2023 NAECC Leadership Conference in Pallottine
Twenty-two members of the National Association of Episcopal Christian Communities (NAECC) representing 12 different communities met for their annual leaders meeting at the Pallottine Center in Florissant, MO May 8-12.
According to NAECC President the Rev. Masud Ibn Syedullah, TSSF, the members gathered for Evening Prayer on Monday May 8, and then began each morning before breakfast in small groups with Lectio Divina. Masud gave a president’s address on Tuesday, noting that “we are at a new time in our history, given that the General Convention - for the first time - authorized a Religious Life Sunday on the 3rd Sunday after the Epiphany.” The first one was this year. Masud said the establishment of a Sunday to acknowledge and celebrate religious communities within the Episcopal Church provides a new window of opportunity for religious communities to make themselves known and offer the Church a vast range of resources to support the life and mission of the Church. He invited the members of NAECC to begin to earnestly use this window of opportunity to think outside of the box regarding ways they can publicize their presence and offer their gifts and talents to the Church. He noted that communication about and within NAECC is important, and he suggested the communities gathered begin with the website. He said that the website is NAECC’s major electronic way of communicating.
Discussions about the future continued throughout the week, along with a daily Eucharist celebrated by NAECC members, including Masud, the Rev. Canon Beth Tjoflat, LSSC and the Rev. Kate Maxwell, OSB. The preachers were the Rev. Canon Peter Stube, TSSF, Mtr Kate and Br. Ronald A. Fox, BSG.
At the business meeting, Bill Farra, SCC, was re-elected treasurer. The Community of Dorothy the Worker was approved to move from “Observer” status to “Associate” membership. NAECC has three categories of membership - communities recognized by the House of Bishops Committee on Religious Life, communities seeking recognition and communities not seeking canonical recognition. A relatively new community in the Diocese of Long Island, the Franciscan Community of Compassion, was approved for associate membership. Three friars from the Order of St. Francis attended for the first time.
Communities represented included Anamchara Fellowship, the Benedictine Priory of St. Mary, the Brotherhood of St. Gregory, Society of the Community of Celebration, Community of Francis and Clare, Community of the Mother of Jesus, Community of the Gospel, the Little Sisters of St. Clare, the Rivendell Community, the Third Order, Province of the Americas, Society of St. Francis, Companions of Dorothy the Worker and the Order of St. Francis.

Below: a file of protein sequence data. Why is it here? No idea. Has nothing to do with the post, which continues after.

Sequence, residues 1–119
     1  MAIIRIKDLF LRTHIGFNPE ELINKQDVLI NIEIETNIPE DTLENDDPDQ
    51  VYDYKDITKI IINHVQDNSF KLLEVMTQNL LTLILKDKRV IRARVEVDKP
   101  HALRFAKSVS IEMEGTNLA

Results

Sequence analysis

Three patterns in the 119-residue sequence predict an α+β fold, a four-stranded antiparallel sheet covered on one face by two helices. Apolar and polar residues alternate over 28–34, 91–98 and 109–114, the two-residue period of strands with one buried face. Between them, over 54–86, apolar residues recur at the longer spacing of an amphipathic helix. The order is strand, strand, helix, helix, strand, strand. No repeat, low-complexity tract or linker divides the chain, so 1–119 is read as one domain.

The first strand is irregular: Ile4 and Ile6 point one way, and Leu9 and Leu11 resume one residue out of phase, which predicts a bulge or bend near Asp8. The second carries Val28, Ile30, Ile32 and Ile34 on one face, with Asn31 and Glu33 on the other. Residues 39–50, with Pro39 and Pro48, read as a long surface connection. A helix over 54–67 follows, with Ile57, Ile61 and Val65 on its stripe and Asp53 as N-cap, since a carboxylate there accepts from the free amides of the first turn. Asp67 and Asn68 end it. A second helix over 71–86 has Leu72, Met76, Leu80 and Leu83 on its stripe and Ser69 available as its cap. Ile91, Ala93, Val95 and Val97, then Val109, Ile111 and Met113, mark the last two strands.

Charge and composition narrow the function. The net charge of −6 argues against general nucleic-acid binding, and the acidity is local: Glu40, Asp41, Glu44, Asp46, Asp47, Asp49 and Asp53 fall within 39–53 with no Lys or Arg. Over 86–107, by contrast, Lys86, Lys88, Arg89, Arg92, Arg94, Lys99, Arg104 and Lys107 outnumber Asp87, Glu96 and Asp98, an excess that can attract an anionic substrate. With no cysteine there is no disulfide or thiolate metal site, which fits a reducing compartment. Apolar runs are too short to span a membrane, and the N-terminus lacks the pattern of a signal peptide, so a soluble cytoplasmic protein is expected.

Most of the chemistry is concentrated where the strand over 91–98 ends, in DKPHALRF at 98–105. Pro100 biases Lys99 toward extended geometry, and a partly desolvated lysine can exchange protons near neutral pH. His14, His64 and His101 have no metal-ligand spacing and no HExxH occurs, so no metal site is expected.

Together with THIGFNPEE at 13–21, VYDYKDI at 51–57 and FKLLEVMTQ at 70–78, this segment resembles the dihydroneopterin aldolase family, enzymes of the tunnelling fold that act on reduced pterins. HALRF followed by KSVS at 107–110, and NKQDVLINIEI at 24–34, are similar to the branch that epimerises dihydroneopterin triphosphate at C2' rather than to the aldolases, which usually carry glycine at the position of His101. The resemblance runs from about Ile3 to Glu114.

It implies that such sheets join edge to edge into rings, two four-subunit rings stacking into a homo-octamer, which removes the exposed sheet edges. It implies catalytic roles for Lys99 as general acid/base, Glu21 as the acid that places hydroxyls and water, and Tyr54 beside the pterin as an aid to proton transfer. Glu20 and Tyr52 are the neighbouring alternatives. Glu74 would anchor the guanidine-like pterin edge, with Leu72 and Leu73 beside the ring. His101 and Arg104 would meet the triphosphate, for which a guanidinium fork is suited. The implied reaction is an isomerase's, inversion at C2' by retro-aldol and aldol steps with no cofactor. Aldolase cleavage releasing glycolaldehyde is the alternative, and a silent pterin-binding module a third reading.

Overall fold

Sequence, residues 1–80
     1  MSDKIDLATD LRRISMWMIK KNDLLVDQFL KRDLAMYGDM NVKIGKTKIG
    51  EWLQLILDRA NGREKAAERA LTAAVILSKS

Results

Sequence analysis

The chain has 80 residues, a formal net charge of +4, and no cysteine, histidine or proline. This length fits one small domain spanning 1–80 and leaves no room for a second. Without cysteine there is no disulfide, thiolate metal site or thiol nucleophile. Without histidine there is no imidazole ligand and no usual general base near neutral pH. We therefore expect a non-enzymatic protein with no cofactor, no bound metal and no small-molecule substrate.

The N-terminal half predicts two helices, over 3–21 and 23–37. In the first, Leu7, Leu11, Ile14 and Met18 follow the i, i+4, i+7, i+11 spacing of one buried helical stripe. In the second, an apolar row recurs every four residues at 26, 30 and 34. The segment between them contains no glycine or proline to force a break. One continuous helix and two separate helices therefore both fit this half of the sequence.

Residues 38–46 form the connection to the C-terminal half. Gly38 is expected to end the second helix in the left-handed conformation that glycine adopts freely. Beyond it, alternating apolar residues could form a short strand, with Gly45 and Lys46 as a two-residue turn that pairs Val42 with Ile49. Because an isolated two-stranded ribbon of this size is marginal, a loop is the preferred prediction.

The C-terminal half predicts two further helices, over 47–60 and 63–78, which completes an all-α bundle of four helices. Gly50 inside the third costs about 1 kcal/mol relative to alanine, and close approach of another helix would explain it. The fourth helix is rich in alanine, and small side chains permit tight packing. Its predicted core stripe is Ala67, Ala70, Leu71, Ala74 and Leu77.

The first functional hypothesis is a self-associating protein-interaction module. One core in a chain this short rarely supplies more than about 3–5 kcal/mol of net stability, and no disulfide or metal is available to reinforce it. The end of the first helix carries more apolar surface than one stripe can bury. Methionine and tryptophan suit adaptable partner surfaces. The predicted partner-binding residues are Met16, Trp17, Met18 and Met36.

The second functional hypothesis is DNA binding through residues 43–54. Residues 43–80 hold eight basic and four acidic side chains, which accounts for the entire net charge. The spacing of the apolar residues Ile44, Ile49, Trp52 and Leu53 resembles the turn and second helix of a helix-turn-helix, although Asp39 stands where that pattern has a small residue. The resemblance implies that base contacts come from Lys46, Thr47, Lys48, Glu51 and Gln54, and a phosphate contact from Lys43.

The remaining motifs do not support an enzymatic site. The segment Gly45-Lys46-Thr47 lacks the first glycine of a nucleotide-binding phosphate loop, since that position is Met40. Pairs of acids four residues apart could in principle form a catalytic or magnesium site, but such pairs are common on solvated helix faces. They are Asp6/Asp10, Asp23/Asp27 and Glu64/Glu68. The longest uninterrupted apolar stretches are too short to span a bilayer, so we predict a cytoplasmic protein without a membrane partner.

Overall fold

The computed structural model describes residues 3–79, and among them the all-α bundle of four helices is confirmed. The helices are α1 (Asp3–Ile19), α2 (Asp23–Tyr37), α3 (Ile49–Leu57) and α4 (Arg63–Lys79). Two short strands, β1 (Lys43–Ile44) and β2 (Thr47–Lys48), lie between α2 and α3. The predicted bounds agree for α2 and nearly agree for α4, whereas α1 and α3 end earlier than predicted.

NAECC and the Conference of Anglican Religious Orders in the Americas (CAROA) had met jointly for a number of years, but CAROA had specific items of interest pertaining to traditional communities that needed to be discussed and met separately. For now, the two organizations will meet on their own “for the foreseeable future,” but will continue a strong working relationship with the executive committees, various committee work and regional gatherings.
Q: What is the process for forming a Christian Community?
NAECC created a Formation Committee to answer this very common question. Their work produced A Guide to Starting A New Christian Community. You can use this document as a resource when discerning the formation of a community and as a general guide. You can also reach out to any of the member communities of NAECC for further information, resources and prayer.
Q: What is a Rule of Life?
A Rule of life is absolutely essential to any monastic life. It says ‘this is who we are, this is our story’; and it reminds us of those things God has put on our hearts, calling us back to our foundations. The idea of a Rule of life developed in Christian monastic communities, and indeed, monasteries and convents today still function under a Rule, the best-known of which is that of St Benedict, dating from the 6th century. Monastic stability is based on accountability to the Rule of life; it serves as a framework for freedom – not as a set of rules that restrict or deny life, but as a way of living out our vocation alone and together. It is rooted in Scripture, pointing always to Christ; and, in the words of St Benedict, it is ‘simply a handbook to make the very radical demands of the gospel a practical reality in daily life.’
Q: What does it mean to be canonically recognized?
The Episcopal Church canonically recognizes 18 traditional orders and 14 Christian communities for men, women, or both. Episcopal Canons are the laws that govern the Episcopal Church USA. When a community seeks canonical recognition, they fulfill certain requirements set forth by the Church and are then reviewed by a committee of Bishops, who then determine whether or not to officially recognize that community within the Church laws. Not all communities seek canonical recognition and it is not required to function and offer ministry and prayer within your community. Seeking canonical recognition is an important decision made within each community. NAECC can help you determine whether this process is right for your community.
Q: What is the difference between traditional orders and christian communities?
A Religious Order of this Church is a society of Christians (in communion with the See of Canterbury) who voluntarily commit themselves for life, or a term of years, to holding their possessions in common or in trust; to a celibate life in community; and obedience to their Rule and Constitution. (Title III, Canon 14, section 1)
A Christian Community of this Church is a society of Christians (in communion with the See of Canterbury) who voluntarily commit themselves for life, or a term of years, in obedience to their Rule and Constitution. (Title III, Canon 14, section 2)